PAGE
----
In the very recent past, I have begun to wrestle with post critical/radical museological theory and practices (Dewdney, Dibosa, & Walsh, 2013; Bishop, 2014), which take up the questions posed by critical theoretical examinations of art museums and envision alternative future that might be conceptualized in the form of exhibitions, educational practices, and new institutions. How my teaching practices might be affected by this work is something I am only beginning to know.
Bishop, C. (2014). Radical museology: Or what’s contemporary in museums of contemporary art? Köln, Germany: Walther König.
Burnham, R., & Kai-Kee, E. (2011). Teaching in the art museum: Interpretation as experience. Los Angeles, CA: J. Paul Getty Museum.
Dewdney, A., Dibosa, D., & Walsh, V. (2013). Post critical museology: Theory and practice in the art museum. London and New York: Routledge.
Falk, J. H., & Dierking, L. D. (2002). Lessons without limit: How free-choice learning is transforming education. Walnut Creek, CA: AltaMira Press
Hirst, E. & Brown, R. (2008). Pedagogy as dialogic relationship. In M. Hellstén & A. Reid, Researching international pedagogies: Sustainable practice for teaching and learning in higher education, p. 179–201. Sydney, Australia: Springer.
hooks, b. (1994) Teaching to transgress: Education as the practice of freedom. New York, NY: Routledge.
hooks, b. (2010) Teaching critical thinking: Practical wisdom. New York and London: Routledge.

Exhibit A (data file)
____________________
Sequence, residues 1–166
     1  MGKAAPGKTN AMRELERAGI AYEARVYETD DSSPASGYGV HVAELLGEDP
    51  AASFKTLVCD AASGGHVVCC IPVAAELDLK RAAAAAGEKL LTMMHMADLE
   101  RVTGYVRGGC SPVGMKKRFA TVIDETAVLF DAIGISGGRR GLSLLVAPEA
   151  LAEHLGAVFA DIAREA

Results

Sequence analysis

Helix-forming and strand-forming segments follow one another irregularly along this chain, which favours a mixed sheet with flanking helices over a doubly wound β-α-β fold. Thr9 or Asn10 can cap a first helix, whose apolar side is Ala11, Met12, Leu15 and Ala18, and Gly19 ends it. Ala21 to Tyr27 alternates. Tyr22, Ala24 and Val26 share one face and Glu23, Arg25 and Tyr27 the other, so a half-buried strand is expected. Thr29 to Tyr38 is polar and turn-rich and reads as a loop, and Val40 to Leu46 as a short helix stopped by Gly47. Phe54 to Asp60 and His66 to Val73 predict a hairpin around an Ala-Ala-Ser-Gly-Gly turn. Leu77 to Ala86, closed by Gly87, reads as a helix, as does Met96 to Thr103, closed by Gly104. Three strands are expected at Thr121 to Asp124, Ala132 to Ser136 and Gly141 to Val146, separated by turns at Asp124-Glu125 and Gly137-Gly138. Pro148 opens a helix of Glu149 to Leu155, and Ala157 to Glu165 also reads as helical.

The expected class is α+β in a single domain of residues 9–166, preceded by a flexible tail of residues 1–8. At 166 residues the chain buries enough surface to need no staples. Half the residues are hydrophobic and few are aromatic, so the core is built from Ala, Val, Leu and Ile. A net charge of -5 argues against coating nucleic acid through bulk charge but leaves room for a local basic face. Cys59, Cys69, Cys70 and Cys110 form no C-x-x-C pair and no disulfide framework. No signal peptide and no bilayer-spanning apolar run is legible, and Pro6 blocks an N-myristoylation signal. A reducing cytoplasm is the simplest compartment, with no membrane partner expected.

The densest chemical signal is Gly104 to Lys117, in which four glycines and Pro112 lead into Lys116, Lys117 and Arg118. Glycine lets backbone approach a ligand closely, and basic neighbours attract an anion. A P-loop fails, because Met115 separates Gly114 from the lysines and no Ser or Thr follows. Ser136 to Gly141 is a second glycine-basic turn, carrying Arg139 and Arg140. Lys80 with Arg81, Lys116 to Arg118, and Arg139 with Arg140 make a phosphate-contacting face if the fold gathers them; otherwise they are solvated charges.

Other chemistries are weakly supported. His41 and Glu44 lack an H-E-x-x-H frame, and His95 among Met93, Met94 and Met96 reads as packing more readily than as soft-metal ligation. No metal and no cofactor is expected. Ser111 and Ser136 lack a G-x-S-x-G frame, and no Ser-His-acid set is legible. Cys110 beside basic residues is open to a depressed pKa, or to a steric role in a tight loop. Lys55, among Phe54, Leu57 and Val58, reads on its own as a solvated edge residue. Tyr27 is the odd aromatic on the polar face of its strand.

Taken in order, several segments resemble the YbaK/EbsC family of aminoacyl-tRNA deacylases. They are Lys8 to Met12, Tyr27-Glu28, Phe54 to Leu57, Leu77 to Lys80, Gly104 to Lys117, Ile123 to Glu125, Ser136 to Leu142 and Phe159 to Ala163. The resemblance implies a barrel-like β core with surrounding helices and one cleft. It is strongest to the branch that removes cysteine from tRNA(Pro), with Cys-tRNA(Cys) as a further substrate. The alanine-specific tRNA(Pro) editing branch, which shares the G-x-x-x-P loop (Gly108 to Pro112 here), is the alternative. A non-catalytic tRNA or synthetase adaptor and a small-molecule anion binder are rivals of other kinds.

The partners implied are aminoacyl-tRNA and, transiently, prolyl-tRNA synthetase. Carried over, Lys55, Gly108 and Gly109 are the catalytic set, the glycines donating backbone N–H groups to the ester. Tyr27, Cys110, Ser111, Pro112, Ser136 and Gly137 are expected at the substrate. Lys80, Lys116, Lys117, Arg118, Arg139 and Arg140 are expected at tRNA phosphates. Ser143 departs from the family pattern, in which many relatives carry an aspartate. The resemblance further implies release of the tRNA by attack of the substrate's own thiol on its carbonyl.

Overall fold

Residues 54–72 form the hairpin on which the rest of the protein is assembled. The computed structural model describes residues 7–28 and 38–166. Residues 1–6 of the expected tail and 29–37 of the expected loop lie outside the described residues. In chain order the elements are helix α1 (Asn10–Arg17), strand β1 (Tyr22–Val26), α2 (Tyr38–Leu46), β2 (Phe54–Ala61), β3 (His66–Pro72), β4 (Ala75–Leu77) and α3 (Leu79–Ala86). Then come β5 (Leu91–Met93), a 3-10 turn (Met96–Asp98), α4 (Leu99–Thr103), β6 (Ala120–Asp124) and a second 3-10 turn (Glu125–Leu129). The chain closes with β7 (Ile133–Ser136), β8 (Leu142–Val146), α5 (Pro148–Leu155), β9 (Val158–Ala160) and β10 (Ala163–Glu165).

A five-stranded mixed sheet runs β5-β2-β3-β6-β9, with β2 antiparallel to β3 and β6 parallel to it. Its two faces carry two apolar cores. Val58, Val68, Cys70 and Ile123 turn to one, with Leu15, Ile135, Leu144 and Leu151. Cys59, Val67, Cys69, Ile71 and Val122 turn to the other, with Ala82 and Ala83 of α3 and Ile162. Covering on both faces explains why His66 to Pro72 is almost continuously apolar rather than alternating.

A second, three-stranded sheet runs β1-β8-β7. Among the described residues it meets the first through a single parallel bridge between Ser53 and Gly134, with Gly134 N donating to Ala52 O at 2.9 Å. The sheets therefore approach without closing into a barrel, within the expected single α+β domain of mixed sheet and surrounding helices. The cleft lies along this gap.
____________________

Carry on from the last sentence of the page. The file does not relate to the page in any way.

Here is a link to an interpretation study conducted by the Denver Art Museum:
Motts Military Museum was founded in 1987 by Warren E. Motts of Groveport, Ohio who established the museum as a 501 (C) 3 not for profit tax exempt educational organization. The mission of Motts Military Museum is to: “To educate the public on the importance of America’s military past through the documentation, collection, interpretation, and preservation of tangible artifacts and personal stories of the men and women who served and are serving in the United States Armed Forces.”
Originally established in the Motts family’s 1870 residence, the museum moved in 1999 to a more modern 5,100 square foot facility with nearly four acres of land. The new building and grounds were given to the Museum through the generosity of Columbus Attorney Robert R. Richards who was a former special agent of the War Department during World War II. Over the next several years the museum grew in leaps and bounds. Donations poured in from veterans and their families. The museum secured many vehicles, military aircraft, and a Higgins Boat from World War II. In 2001, the museum broke ground for a new wing and as funds were available the museum’s volunteer crew, many of whom were professional carpenters, electricians and other skilled tradesmen, worked on the 5,200 square feet area. By 2006, the entire structure was completed and paid in full. On May 23, 2015 the new wing was dedicated.
Motts Military Museum, Inc.
5075 South Hamilton Rd.
Groveport, Ohio 43125-9336
Phone: (614) 836-1500
Tuesday – Saturday: 9 am to 5 pm Sunday: 1 pm to 5 pm
Thanksgiving Day: Closed
Christmas Day: Closed
Closes at Noon the day before Thanksgiving Day & Christmas Day
Seniors/Veterans with ID: $8.00
Children 5 and under: FREE
The Motts Military Museum is located
just southeast of Columbus, Ohio.
-family center activities, printmaking
-free baby tours- encourage visual literacy in babies
Toddler Time Tours- multi sensory experience with works of art
-free monthly programs to provide meaningful museum visits for people experiencing the early stages of memory loss and their companions.
Guest presentations, Glass programs public demo
TMA Masters Series -consists of public programs featuring world-renowned artists, scholars, musicians and others who are invited to share their knowledge and talents at the Museum. Held in the grand Peristyle Theater